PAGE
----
Whirlpool: Classic Value
When a successful company buys a lesser and troubled rival, you have to think about the makers of Mercedes-Benz and why on earth they tortured themselves with Chrysler. Similarly, Whirlpool took a huge chance by buying Maytag a year ago for $2.8 billion in cash, stock and assumed debt. Besides paying dearly for a famous but lagging brand, a company Whirlpool candidly described afterwards as hindered by high production costs and lack of innovation, the buyout coincided with a downturn in homebuilding and remodeling. Housing was still rollicking when Whirlpool cooked up the transaction in the middle of 2005.
Whirlpool justified the acquisition by assuming $400 million in savings, or a good year’s total profit, from the combined companies. After closing some Maytag plants, Whirlpool expects to reach these savings by the end of 2007. Moreover, Whirlpool says the acquisition allows it to expand its presence in stores and fill a few holes in product lines, despite already being the dominant brand in the U.S and owning major brands in Europe and Latin America.
Whirlpool has defended the merger aggressively, a strategy that’s won it time from Wall Street to put up or shut up. So far, it appears the combination is working. In mid February, Whirlpool reported that it earned $6.35 per share in 2006, ahead of the $6 to $6.25 the company had predicted at merger time and the $5.50 to $6 that analysts had been forecasting. The good showing came largely from increased sales overseas, although some deferred capital spending contributed to the positive surprise. And the company produced enough cash flow to work off some of the acquisition debt. The stock (symbol WHR), which fell from $91 to the $70s soon after the completion of the merger, has recovered all of its losses. It closed at $94.44 on February 21, down 1.5% for the day.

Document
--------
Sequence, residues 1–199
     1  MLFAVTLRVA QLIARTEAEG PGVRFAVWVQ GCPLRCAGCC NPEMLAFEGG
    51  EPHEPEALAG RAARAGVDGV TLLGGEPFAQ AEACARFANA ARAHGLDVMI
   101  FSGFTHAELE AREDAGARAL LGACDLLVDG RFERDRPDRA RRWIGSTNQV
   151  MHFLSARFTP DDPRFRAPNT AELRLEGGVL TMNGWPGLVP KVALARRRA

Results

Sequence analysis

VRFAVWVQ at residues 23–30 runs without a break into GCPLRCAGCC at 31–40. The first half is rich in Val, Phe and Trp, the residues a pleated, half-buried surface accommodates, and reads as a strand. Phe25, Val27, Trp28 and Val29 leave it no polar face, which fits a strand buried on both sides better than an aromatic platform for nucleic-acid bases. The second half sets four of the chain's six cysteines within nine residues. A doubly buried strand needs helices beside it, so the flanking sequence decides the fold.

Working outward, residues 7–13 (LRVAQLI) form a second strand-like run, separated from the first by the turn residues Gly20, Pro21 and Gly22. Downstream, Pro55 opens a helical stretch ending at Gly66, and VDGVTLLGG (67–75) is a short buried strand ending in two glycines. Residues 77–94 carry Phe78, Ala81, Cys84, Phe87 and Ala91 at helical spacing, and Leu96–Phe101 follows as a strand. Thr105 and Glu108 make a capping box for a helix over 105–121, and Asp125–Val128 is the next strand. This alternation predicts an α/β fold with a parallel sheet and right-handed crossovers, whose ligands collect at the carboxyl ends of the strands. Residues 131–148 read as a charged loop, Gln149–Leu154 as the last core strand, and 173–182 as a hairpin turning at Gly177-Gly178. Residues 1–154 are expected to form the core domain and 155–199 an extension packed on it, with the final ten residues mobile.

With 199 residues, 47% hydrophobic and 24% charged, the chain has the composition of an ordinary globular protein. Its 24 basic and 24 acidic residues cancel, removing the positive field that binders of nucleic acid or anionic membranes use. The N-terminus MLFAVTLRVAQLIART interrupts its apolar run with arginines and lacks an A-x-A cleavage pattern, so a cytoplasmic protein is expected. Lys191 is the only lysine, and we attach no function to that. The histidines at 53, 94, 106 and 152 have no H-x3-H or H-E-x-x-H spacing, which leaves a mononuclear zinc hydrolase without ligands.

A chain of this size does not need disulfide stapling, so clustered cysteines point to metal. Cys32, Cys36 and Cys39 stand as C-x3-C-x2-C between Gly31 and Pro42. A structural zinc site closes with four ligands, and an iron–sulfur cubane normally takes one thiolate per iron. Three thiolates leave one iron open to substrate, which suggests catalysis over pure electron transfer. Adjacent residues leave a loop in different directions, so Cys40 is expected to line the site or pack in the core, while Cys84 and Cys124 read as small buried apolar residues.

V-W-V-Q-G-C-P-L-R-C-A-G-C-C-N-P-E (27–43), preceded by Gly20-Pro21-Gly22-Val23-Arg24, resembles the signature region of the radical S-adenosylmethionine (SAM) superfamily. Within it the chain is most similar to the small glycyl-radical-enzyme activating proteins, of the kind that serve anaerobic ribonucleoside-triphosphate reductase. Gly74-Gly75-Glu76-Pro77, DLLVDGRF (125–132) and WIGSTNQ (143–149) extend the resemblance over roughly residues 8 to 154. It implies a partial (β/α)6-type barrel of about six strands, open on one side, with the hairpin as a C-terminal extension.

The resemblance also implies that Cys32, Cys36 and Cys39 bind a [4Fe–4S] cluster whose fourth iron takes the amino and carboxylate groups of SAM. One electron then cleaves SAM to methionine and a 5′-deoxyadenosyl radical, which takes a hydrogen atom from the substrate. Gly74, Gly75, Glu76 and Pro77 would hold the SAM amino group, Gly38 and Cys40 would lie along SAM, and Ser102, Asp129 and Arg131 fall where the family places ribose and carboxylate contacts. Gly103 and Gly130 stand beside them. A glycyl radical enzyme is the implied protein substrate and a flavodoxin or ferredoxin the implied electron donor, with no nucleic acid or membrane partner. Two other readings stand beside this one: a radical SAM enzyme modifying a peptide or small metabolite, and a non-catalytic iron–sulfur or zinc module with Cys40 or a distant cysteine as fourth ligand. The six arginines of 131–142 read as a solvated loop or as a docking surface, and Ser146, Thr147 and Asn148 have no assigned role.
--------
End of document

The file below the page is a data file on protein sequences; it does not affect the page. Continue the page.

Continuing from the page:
At the same time they announced 2006 results, Whirlpool’s brass forecast earnings of $9 a share this year. Given that Whirlpool hasn’t experience year-to-year earnings gains of that magnitude since 2002 and 2003, the forecast seems awfully aggressive. Such bears as Citigroup analyst Jeffrey Sprague don’t see $9 as a remote possibility. He cites higher costs for such materials as steel and copper in contending that it’s just as plausible that Whirlpool earnings will fall than rise by some 40%. Sprague recommends selling the stock.
Whirlpool’s retort to Sprague and other doubters is that higher prices, new products (there are cool new high-end washers and dryers ready to ship) and more economizing will leverage the profits. If the company is right, and Whirlpool maintains its price-earnings ratio of about 14, there is enormous upside in the stock, to as much as $125 in the coming year.
The deciding factor appears to be what happens to housing starts. If they plunge more, Whirlpool is in trouble. If they don’t, and mortgage rates stay low enough so that enough people move and remodel, appliance sales will exceed expectations. One thing the Maytag acquisition did -- and why this situation isn’t entirely like DaimlerChrysler -- is result in a near-monopoly. Chinese appliance makers are competitors on the low end, but after them and GE, this business is a one-horse race. Whirlpool’s stock may be weak in the first half of the year. If it retreats, as it did in 2006, it could be a classic value opportunity.